How best to use a custom module?

Hi guys,

I have been away from Julia since end of 2018. Now coming back and looking at my old code now with Julia 1.7, I feel puzzled at how best to use my own modules.

My modules are in subdirectories under the root directory of my project. Like:

./A/ModuleA.jl
./B/ModuleB.jl

ModuleB uses ModuleA. In my original code of B.jl, I have simply:
using ModuleA

Then at the REPL started at the root directory, I do:
include(“B/ModuleB.jl”)

It doesn’t work now as I learned that I need to set the LOAD_PATH. So I added both A and B onto the LOAD_PATH, then the above include statement works. But my problem is in VSCode, “goto definition” on a function defined in ModuleA doesn’t work.

Then ModuleB.jl I added:
include("…/A/ModuleA.jl")
just before
using ModuleA

Then “goto definition” works in VSCode. But in REPL,
include(“B/ModuleB.jl”)
gives my a warning like:
using A.ModuleA in module ModuleB conflicts with an existing identifier.

So what’s a proper solution to my problem?

Is it too difficult a question please?

The definitions clash because you are using them via the LOAD_PATH and the include.

Use one or the other

If I don’t list the subdirectories in LOAD_PATH and just have include("…/A/ModuleA.jl") in ModuleB.jl, then when I do include(“B/ModuleB.jl”) in root directory, I get error:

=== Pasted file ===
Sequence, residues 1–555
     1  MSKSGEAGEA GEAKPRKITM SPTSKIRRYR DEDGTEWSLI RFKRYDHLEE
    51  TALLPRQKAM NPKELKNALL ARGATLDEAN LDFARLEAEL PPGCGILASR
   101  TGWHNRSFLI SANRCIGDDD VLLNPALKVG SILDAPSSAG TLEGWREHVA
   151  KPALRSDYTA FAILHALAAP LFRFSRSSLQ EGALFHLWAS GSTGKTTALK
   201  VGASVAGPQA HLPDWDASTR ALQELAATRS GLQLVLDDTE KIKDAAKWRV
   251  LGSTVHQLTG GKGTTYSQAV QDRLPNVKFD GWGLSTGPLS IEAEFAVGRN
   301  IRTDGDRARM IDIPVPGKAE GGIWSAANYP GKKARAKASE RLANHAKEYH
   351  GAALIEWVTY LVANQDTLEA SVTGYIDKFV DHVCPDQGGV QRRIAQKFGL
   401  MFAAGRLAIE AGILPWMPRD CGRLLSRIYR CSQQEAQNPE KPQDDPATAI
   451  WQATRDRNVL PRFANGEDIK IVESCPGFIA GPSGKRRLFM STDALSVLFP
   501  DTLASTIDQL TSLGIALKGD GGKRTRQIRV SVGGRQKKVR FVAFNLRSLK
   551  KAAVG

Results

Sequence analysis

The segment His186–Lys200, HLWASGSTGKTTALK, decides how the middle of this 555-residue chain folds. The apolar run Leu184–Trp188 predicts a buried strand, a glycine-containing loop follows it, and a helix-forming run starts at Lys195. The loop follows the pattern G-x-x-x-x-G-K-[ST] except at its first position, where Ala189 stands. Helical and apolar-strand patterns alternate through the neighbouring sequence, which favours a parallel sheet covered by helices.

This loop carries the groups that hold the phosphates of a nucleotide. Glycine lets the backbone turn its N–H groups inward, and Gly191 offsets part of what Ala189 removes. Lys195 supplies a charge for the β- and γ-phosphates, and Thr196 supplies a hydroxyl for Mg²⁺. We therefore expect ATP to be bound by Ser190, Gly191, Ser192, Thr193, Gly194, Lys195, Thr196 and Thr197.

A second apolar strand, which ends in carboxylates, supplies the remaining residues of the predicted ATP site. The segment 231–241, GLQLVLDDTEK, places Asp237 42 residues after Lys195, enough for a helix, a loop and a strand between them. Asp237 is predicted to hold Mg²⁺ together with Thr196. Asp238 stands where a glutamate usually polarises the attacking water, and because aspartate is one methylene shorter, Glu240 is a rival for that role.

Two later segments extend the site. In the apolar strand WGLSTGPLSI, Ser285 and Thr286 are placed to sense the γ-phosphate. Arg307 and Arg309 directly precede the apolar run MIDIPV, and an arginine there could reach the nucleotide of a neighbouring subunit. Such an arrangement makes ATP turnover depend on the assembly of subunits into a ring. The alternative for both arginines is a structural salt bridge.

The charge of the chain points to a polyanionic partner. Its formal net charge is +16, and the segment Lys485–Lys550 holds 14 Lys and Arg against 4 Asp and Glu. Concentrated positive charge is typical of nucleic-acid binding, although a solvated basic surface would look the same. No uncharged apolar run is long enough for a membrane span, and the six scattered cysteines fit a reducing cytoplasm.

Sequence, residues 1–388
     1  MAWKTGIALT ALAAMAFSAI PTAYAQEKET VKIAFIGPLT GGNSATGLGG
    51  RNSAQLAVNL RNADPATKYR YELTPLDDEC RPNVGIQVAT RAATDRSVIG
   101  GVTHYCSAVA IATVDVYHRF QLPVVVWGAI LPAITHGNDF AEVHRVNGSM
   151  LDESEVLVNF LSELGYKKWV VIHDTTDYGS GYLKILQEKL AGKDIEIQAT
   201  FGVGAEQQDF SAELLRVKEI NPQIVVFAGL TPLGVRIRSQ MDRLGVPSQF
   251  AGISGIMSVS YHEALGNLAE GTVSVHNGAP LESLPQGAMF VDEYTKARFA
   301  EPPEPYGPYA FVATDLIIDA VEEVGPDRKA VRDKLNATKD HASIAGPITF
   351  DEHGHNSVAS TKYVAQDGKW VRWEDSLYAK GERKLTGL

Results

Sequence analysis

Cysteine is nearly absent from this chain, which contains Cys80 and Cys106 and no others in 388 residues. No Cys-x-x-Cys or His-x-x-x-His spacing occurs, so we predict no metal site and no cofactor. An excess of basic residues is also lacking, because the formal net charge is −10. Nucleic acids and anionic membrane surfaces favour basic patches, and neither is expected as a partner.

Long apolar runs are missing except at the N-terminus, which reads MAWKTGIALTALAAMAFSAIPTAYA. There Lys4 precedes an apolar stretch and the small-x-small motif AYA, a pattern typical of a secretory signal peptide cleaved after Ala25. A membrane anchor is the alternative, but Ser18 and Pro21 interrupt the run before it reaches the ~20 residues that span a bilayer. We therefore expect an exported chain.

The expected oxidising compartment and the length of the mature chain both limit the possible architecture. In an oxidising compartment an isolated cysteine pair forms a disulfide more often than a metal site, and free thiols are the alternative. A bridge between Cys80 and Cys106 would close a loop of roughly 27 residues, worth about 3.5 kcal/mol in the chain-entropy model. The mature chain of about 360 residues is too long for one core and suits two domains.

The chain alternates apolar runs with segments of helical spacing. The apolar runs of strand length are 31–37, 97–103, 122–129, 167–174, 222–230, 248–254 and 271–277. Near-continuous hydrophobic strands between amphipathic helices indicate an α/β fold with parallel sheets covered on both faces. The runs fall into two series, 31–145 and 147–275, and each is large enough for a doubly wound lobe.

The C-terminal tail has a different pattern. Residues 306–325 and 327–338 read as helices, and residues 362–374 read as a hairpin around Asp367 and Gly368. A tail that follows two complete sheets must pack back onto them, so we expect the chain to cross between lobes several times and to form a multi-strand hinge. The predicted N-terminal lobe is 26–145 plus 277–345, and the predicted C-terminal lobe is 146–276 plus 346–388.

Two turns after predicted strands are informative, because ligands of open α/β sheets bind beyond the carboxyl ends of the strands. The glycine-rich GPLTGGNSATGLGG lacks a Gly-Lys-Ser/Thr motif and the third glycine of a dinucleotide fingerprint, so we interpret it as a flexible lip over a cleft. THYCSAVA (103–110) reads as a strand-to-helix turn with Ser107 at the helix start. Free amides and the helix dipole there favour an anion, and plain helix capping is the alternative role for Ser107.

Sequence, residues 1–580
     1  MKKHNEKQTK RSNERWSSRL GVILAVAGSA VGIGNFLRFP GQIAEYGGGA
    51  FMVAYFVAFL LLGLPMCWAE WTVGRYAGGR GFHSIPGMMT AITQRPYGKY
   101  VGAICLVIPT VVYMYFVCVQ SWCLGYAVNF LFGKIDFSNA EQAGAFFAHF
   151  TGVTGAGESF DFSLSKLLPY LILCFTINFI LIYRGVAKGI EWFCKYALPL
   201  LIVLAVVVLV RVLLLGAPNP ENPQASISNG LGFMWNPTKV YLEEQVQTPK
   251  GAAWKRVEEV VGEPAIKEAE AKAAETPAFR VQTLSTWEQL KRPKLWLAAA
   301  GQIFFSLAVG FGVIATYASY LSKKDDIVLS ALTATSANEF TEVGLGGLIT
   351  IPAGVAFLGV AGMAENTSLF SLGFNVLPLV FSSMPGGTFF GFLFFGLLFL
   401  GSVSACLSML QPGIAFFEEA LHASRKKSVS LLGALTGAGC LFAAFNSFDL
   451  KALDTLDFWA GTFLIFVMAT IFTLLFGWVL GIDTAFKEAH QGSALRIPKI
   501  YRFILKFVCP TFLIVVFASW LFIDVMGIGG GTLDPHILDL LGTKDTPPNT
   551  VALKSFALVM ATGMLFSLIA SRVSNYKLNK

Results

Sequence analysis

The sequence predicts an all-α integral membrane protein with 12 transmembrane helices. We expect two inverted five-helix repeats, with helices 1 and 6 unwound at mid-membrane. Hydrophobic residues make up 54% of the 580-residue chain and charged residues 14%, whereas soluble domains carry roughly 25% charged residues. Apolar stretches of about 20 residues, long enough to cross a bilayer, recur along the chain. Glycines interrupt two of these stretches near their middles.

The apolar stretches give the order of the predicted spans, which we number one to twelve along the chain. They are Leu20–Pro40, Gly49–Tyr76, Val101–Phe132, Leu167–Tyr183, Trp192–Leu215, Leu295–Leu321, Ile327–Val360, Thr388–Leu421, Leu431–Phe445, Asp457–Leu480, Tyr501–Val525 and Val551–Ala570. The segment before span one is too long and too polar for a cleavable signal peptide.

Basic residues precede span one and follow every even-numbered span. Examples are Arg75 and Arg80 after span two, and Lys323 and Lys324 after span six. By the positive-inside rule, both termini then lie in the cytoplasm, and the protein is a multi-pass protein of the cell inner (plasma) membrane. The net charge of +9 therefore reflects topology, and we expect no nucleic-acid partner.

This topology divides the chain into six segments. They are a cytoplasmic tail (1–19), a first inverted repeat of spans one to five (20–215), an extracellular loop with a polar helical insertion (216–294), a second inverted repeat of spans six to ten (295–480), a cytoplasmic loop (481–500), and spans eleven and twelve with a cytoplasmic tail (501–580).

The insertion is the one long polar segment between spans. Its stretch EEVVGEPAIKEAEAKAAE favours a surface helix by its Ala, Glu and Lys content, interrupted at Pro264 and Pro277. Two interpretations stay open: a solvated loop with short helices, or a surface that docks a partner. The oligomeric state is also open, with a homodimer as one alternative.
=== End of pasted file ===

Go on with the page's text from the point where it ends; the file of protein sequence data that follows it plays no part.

ERROR: LoadError: ArgumentError: Package ModuleA not found in current path

You either have to do

julia> push!(LOAD_PATH, "./A")
julia> push!(LOAD_PATH, "./B")
julia> using ModuleA
[ Info: Precompiling A [top-level]

julia> using ModuleB
[ Info: Precompiling B [top-level]

or

$ mkdir A/src && mv A/ModuleA.jl A/src/
$ mkdir B/src && mv B/ModuleB.jl B/src/ # had a typo (fixed)
$ julia -q

julia> push!(LOAD_PATH, ".")
julia> using ModuleA
[ Info: Precompiling ModuleA [top-level]
julia> using ModuleB
[ Info: Precompiling ModuleB [top-level]
1 Like

Is A/src/ supposed to be B/src/ ?

1 Like

oh, yes. copy pasting error

1 Like

I was actually using your first approach. It works at REPL, but my problem was in VSCode I can’t goto definition in ModuleB.jl. So I added include("…/A/ModuleA.jl") there and VSCode works, but then I got the warning of conflict identities.

I tried your second approach with a src subdirectory under each subdirectory of the modules. But it doesn’t seem to work at all. I am not sure how src comes to solve the problem.

With the jl files under its respective src subdirectory, now I start julia in root directory:

$ julia
_
_ _ ()_ | Documentation: https://docs.julialang.org
() | () () |
_ _ | | __ _ | Type “?” for help, “]?” for Pkg help.
| | | | | | |/ ` | |
| | |
| | | | (
| | | Version 1.7.2 (2022-02-06)
/ |_|||_’_| | Official https://julialang.org/ release
|__/ |

julia> push!(LOAD_PATH, “.”)
4-element Vector{String}:
“@”
@v#.#”
@stdlib
“.”

julia> using ModuleA
ERROR: ArgumentError: Package ModuleA not found in current path:

  • Run import Pkg; Pkg.add("ModuleA") to install the ModuleA package.

Stacktrace:
[1] require(into::Module, mod::Symbol)
@ Base ./loading.jl:967

OK, this time with includes and testing in VSCode

#==

matt@fort:~/discourse$ find . | sort

.
./A
./A/A.jl
./B
./B/B.jl
./main.jl


==#

include("A/A.jl")
include("B/B.jl")

using .A